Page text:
Be the Change (2008) (Documentary)
People are tired of being scared, lectured to, guilt-tripped, and drowned in lists of “100 things you can do to save the planet.” They are not going to turn towards living sustainably in the pursuit of being “less bad.” They need to feel an emotional attraction to being “more good.” People can embrace a lighter way of living but have some fun doing it.
Emperor Zehnder (2003)
Set in Antarctica, this epic romance tells the story of Bruno P. Zehnder (Richard Gere), a restless photographer of penguins who struggled with the pressures of expressing his art within the most strenous of circumstances, along with a personal battle to keep Antarctica free and pure.
Go Further (2003) (Documentary)
The film follows actor Woody Harrelson as he takes a small group of friends on a bio-fuelled bus-ride down the Pacific Coast Highway. Their goal? To show the people they encounter that there are viable alternatives to our habitual, environmentally-destructive behaviors. The travellers include a yoga-teacher, a raw food chef, a hemp-activist, a junk-food addict, and a college student who suspends her life to impulsively hop aboard. We see the hostility these pilgrims encounter, and watch as their ideas are challenged from within and without. We meet an entrepreneur who runs a paper company that does not harm trees; an organic farmer who believes Nature is his partner; a man who teaches environmental activists to use humor as a strategic weapon. And throughout, we see Harrelson test his belief that the transformation of our planet begins with the small personal transformations that are within the grasp of each and every one of us, after which… we’ll go further.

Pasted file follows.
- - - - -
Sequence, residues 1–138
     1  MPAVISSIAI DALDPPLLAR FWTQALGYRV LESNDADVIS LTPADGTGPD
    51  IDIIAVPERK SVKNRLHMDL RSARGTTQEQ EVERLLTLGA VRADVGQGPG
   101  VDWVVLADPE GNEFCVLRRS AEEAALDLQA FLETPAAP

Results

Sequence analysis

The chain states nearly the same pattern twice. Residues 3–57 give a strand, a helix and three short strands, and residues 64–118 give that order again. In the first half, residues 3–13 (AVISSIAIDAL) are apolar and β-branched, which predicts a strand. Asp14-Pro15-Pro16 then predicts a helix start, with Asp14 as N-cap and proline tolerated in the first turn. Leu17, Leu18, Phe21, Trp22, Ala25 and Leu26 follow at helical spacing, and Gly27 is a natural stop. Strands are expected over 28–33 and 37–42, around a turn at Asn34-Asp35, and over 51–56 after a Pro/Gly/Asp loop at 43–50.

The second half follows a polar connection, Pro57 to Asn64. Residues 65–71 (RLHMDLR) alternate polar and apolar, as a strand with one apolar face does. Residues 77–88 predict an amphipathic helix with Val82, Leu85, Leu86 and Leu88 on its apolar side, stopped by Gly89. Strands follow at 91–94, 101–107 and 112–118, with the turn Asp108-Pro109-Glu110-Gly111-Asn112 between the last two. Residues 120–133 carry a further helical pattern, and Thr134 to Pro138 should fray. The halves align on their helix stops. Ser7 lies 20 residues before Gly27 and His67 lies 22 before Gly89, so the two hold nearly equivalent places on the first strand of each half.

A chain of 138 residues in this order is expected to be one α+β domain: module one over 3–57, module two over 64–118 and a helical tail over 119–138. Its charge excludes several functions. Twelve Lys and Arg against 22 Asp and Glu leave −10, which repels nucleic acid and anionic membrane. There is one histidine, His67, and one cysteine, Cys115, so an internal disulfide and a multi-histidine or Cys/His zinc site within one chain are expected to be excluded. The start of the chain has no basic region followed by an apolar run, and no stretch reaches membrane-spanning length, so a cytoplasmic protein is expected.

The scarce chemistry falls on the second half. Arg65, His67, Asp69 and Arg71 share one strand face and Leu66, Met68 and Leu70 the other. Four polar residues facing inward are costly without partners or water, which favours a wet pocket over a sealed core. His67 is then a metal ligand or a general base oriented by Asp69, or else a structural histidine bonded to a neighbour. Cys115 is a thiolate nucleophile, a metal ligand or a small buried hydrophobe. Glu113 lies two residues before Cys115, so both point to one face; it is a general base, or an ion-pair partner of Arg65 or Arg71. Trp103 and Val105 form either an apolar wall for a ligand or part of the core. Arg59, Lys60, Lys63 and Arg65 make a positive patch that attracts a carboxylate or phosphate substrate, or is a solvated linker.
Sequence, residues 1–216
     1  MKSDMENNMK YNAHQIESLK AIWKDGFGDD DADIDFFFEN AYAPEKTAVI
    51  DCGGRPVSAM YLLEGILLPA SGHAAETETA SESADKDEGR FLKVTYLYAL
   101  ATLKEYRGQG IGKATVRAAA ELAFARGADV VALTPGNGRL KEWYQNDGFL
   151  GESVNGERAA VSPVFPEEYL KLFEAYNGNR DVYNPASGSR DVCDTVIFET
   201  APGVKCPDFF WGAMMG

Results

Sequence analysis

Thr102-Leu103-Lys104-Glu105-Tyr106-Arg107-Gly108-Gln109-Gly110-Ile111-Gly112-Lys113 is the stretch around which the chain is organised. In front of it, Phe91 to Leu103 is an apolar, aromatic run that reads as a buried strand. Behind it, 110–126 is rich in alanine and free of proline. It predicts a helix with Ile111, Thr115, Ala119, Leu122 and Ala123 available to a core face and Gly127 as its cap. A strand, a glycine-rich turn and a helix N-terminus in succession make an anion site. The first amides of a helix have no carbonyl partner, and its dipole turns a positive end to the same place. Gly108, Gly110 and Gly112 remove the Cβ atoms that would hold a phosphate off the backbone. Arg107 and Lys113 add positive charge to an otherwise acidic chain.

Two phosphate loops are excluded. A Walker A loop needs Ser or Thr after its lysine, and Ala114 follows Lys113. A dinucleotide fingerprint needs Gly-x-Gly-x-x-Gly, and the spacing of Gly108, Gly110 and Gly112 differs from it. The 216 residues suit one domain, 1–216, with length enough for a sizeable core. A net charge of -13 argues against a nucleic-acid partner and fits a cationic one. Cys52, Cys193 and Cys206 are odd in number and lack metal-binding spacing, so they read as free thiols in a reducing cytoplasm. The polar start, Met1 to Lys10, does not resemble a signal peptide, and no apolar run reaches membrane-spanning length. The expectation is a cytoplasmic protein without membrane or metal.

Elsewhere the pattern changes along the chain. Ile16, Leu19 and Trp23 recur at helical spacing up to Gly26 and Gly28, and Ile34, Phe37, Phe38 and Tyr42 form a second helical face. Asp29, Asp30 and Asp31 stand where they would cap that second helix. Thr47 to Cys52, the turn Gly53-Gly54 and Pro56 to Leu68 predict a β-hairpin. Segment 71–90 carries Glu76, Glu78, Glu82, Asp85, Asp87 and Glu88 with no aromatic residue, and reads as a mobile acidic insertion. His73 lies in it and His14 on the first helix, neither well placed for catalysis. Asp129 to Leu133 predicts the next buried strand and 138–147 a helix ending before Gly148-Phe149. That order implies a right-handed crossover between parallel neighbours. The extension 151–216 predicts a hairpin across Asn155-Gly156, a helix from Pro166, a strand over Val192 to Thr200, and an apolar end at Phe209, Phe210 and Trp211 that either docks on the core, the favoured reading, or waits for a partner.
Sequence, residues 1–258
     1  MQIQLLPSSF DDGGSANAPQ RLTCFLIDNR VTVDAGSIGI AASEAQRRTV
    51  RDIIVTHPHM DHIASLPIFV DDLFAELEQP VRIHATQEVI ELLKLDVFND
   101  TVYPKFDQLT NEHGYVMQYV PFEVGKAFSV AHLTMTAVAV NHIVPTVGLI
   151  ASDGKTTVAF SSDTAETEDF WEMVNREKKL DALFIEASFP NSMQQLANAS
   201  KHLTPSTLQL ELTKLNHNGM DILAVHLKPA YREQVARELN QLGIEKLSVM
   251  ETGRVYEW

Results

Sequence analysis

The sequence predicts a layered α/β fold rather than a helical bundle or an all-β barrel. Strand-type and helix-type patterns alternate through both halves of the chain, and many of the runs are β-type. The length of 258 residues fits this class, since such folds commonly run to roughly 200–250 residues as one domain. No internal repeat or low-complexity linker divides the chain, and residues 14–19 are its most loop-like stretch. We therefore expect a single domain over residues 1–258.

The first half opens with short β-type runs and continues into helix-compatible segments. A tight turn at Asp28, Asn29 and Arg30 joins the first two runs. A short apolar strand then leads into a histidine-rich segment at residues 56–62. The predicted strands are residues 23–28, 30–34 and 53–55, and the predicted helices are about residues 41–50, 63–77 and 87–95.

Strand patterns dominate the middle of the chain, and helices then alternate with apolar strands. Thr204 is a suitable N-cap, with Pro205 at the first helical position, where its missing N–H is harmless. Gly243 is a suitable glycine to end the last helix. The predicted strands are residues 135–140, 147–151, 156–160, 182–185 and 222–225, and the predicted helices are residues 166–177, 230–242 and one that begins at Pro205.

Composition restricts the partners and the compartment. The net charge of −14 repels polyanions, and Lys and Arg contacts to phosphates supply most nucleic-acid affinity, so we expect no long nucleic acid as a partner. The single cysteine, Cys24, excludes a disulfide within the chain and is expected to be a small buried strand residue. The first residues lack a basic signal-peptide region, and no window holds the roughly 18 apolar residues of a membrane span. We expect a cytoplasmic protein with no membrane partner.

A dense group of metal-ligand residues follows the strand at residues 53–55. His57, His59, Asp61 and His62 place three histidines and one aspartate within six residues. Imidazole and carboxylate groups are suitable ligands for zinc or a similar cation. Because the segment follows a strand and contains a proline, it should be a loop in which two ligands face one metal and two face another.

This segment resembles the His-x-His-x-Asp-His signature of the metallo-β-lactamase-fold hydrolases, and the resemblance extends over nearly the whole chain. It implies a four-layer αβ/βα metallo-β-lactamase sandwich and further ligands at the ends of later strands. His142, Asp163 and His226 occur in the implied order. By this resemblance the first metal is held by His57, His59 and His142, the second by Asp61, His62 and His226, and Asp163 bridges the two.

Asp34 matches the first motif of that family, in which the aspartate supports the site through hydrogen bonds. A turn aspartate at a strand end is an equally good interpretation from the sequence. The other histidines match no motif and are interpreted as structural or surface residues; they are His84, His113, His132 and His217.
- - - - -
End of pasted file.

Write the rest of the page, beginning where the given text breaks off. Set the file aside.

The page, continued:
Hempsters: Plant the Seed (2008)